Having written a novel already does not make writing this second one easier. I feel though that I have a greater understanding of what it takes to write one. Writing gives me a voice. My MFA studies have challenged and motivated me to refine that voice and the messages I want to deliver.
Focusing on my professional growth as a writer will help quiet the inner voice that is intensely personal and continues to struggle at some level with sharing my writing with others. However, unlike the first step I took as a writer years ago, today I am mindful of the process of creating art and appreciative of how I have changed and will continue to evolve as an author. I remain committed to my writing and moving forward with it.
Posted on October 21, 2012
It’s been five years since I joined the 11th Floor Writers. Of all the benefits that I have reaped over the years, the following three are the most significant.
The circle has kept me a disciplined writer.
Because we have regular meetings, the circle has kept me motivated to write. We push each other as necessary to keep everyone working on something. The whole purpose of being in the group is to write and receive feedback. We work to move each other forward.
The circle has helped me better understand my writing strengths and needs.
Getting feedback is absolutely critical as a writer. Members point out discrepancies, and make recommendations to strengthen the submitted pieces of writing. My writing skills have also further developed by critically examining the works of other writers and trying to provide meaningful and constructive feedback.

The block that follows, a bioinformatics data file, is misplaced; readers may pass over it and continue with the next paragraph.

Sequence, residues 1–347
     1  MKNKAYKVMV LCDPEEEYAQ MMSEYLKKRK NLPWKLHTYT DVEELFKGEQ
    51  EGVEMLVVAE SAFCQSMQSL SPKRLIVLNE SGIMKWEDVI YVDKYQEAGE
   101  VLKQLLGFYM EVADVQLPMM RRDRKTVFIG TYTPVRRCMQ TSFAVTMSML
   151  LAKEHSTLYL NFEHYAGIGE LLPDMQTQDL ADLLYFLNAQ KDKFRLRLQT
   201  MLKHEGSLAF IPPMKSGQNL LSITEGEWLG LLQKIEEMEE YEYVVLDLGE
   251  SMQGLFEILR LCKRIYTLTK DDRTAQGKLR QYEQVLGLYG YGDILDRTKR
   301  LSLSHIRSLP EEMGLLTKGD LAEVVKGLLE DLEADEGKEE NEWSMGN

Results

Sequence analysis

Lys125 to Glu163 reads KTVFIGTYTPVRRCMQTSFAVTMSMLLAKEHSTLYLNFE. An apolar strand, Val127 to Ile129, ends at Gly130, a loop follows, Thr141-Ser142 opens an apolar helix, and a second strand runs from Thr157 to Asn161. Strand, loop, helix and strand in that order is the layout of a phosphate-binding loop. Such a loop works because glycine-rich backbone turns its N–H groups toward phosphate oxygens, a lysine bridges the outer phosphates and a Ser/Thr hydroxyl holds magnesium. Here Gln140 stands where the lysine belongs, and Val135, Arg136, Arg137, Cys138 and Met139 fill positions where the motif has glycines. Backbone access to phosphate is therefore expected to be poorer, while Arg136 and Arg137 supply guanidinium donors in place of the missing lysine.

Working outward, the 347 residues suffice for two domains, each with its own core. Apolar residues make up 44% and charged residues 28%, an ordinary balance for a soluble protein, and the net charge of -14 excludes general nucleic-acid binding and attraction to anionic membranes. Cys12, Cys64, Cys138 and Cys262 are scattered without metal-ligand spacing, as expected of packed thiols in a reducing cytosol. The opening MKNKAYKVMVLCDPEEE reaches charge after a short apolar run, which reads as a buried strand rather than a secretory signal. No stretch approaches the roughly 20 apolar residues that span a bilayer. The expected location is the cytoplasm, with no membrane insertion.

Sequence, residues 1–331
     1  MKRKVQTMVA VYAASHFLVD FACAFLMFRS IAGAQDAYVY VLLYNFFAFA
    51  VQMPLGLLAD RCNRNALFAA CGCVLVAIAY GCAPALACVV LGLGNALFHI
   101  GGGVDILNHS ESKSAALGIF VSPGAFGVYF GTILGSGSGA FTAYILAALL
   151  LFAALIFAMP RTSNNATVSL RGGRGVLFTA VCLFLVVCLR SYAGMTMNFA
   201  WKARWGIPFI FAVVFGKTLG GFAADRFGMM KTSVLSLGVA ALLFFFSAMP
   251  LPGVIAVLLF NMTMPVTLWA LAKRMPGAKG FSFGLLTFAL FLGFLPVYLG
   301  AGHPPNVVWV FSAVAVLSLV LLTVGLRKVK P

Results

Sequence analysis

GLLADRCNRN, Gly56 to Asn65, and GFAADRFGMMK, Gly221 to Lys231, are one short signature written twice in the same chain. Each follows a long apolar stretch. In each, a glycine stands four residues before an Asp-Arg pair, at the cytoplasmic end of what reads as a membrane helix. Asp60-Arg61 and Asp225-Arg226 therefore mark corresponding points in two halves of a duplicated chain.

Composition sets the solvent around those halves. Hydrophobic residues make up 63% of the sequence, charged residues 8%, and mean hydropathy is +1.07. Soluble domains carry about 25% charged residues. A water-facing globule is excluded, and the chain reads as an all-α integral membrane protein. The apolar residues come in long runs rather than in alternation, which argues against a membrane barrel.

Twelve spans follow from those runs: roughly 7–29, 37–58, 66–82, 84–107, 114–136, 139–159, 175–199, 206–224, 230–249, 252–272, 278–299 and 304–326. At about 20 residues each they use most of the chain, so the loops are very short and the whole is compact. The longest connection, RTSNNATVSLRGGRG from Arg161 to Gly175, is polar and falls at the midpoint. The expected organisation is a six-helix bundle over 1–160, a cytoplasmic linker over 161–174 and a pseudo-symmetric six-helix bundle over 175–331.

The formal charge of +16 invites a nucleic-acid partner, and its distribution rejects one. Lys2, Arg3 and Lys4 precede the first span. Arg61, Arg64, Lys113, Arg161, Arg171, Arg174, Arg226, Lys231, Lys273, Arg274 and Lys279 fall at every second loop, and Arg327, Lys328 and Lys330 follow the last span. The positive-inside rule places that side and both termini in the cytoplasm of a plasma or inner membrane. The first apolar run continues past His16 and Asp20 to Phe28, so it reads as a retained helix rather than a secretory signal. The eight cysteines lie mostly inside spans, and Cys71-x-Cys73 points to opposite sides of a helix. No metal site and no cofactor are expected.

Because we meet face-to-face, friendships have formed over the years.
Friendships with other writers have become especially important to me as I evolve in this craft. Fellow writers who believe in each other and encourage each other to forge ahead is critical when we become unmotivated or uninspired to write.
Five years ago, I submitted a raw first chapter to the circle. It was a humbling experience. Over the course of several years, I have worked through an entire novel manuscript. In June 2012, this manuscript won The Marina Nemat Award, a writing award from the University of Toronto. I attribute much of my growth as a writer to the ongoing support and guidance I get by being a member of a strong and inspired writing circle.
[This entry also appears on the 11th Floor Writers’ blog. Click here.]
Posted on September 1, 2012
I got the idea to start a blog after taking a creative writing course entitled, “Building an Audience” with Terry Fallis at the University of Toronto’s School for Continuing Studies. Terry is the author of The Best Laid Plans (Canada Reads 2011 winner) and The High Road. He made blogging seem like the easiest thing to do in the world. A quick look at his site suggests that he really enjoys doing so.
I’m still learning how to navigate my way around the blogging universe. I’ve appreciated the visitors who have let me know that they’ve been here so that I can check out their blogs. I’ve found some really neat ones as a result and still have a few that I’m excited to check out.
Any advice/suggestions from fellow bloggers who write for a living or simply enjoy doing so would be greatly appreciated. You can email me at firstname.lastname@example.org or comment below. Thanks!